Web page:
Sunday, May 15, 2011




OCTOBER 2011 (Release Date)
University of Toronto Press
ISBN 978-1-4426-4383-3
448 pages; Clothbound
$85 (Cover Price)




You are sitting in the vast Reading Room of the Florentine National Archive, one of those indeterminate spaces from the 1970s— office, factory or parking garage? Generically functional desk lamps illumine row after row of sturdy formica-topped tables. On the smooth grey surface in front of you lie two massive volumes—square-edged, sharp-cornered and stiffly bound.

Each bright new sheet of acid-free paper holds a manuscript letter, fixed on a hinge like an oversized postage stamp. Some are long and some are short. Some are written with care and some in haste. Some are distinct and some are faded. But most were penned by the same hand and signed with the same name: Benedetto Blanis hebreo. Benedetto Blanis the Jew.[1]

You page through these letters one by one… What strikes you first is their utter normality— as physical objects, that is to say. With their good paper, standardized handwriting and regularized spelling[2], they could have come from any official at the granducal court— but in fact, they were produced in a one-room apartment in the Florentine Ghetto, then a holding cell in the Bargello Prison.

Benedetto did his best to get these things right and he used the same models as the Medici secretaries—indeed, the same models as the Medici themselves. On 22 March 1620, he undertook a relatively mundane task for his patron Don Giovanni dei Medici—tracking down a copy of Marcello Scalino da Camerino’s best-selling manual of calligraphy, Regole nuove…co’ quali potrà ciascuno senza maestro imparar facilmente a scriuer bene (New Rules By Which Anyone Can Easily Learn To Write Well, Even Without a Teacher).

On Friday, I was ordered to go to Your Most Illustrious Excellency’s library to look for that book by Marcello Scalini that teaches how to write but I couldn’t find it. I assure you that I know this book very well, since I formerly had one myself but my nephews more or less  destroyed it.[3]

Benedetto’s nephews presumably destroyed this book in the course of their own lessons —learning to write correct Tuscan in a fine Italian hand in the heart of the Florentine Ghetto. A few decades earlier, Benedetto must have gone through a similar course of instruction himself, using Scalino’s text or one of its predecessors.[4]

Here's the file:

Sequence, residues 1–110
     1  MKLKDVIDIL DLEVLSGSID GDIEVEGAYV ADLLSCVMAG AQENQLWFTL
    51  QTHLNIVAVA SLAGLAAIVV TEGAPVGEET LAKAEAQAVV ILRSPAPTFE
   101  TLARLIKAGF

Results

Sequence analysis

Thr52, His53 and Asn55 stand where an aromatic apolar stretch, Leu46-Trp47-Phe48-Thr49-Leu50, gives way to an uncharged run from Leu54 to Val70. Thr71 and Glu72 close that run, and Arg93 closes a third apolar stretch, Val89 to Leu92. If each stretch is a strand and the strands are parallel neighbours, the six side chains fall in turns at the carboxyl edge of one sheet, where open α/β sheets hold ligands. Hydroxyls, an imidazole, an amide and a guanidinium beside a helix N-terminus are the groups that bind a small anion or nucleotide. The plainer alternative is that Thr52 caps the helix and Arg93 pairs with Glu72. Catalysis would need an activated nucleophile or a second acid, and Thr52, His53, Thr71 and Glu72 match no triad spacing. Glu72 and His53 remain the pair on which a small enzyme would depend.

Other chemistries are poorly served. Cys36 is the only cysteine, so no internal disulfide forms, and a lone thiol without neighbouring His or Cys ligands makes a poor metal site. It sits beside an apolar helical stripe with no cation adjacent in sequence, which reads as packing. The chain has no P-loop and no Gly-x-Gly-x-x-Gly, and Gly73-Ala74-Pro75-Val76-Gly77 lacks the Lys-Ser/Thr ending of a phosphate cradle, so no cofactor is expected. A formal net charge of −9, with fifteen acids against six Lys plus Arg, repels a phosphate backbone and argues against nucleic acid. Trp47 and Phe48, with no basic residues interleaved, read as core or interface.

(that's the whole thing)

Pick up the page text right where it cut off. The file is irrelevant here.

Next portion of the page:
Benedetto Blanis (c.1580-c.1647) was librarian to Don Giovanni dei Medici (1567-1621), the illegitimate son of Grand Duke Cosimo I (1519-1574). Don Giovanni  made a distinguished career as diplomat, courtier and military leader, traveling throughout Italy, the Netherlands, France and central Europe. From 1615 through 1620, Benedetto managed the library in his patron’s Florentine palace— organizing and cataloguing its contents, acquiring books from various sources and sharing his patron’s most recondite interests, including alchemy, astrology, and the Kabbalah.

There are occasional words of Hebrew (eleven to be precise) in Benedetto’s nearly two hundred letters to Don Giovanni dei Medici.[5] He presented these in large square characters with points (vowels), which could be sounded out by anyone who had a smattering of the language.[6] Far more frequent are the passages of Latin, mostly Old Testament quotes from the Vulgate Bible—Psalms, Prophets, Proverbs, Deuteronomy, Ecclesiastes and Kings—all in the version that Benedetto’s Christian patron knew best.


On 20 June 1615, Benedetto Blanis launched his correspondence with Don Giovanni dei Medici —only a few hours after his patron’s departure from Florence.

When Your Excellency left… I was so overcome with anguish as to be rendered speechless. Seeing myself deprived of your noble and divine presence, I felt my heart burst from my breast and my soul depart from my body, leaving me drained of my very lifeblood. Aided, however, by imagination and memory, I summoned the glad hope that you would make me worthy of your service and that I would fully experience your favour. That encouraged me to take up my pen and write these few badly composed lines, which do not deserve to be read by Your Excellency unless Your Excellency, in your graciousness and goodness, renders them worthy by reading them. In this way, I hope for a return to life by way of your kind reply, informing me of your happy arrival at your destination.[7]

Even by the standards of baroque hyperbole, Benedetto’s rhetoric is often feverishly ingenious in tone—but as the Jew knew well, he was playing the old game of princely favour-broking against daunting odds. Few of his neighbours in the Florentine Ghetto could more than dream of an inside connection at the Medici Court.[8]

Don Giovanni dei Medici was an eminent public figure, supreme commander of the Venetian  army during these years. He was also a virtuoso of the arts and sciences, with a strong inclination to “natural magic” and the arcane.[9]  Benedetto Blanis was a Jew with a traditional rabbinical education and he and his people were perceived as an uncanny race,  intrinsically connected to the world of the occult. Benedetto tirelessly cultivated this aura of mystic empowerment—proposing “curious and forbidden books”[10],  Kabbalistic paraphernalia[11] and privileged access to practitioners from the Jewish side[12].

Don Giovanni was also an aristocratic consumer of luxury goods, and Benedetto could get him almost anything wholesale, turning yet another Jewish stereotype to his own advantage. Over the years, he produced a constant supply of silk and linen, ribbons and lace, cording and trim, gold and silver thread—all with the best Ghetto discounts.[13]

Meanwhile, Benedetto asked and received a great deal in return— a continuing run of favours and special breaks. In Florence, usury was strictly illegal but only sporadically prosecuted and Benedetto was one of the city’s most notorious loan sharks—operating, however, with a unique advantage. He had a member of the granducal family watching his back, for a few short years until his luck ran out.[14]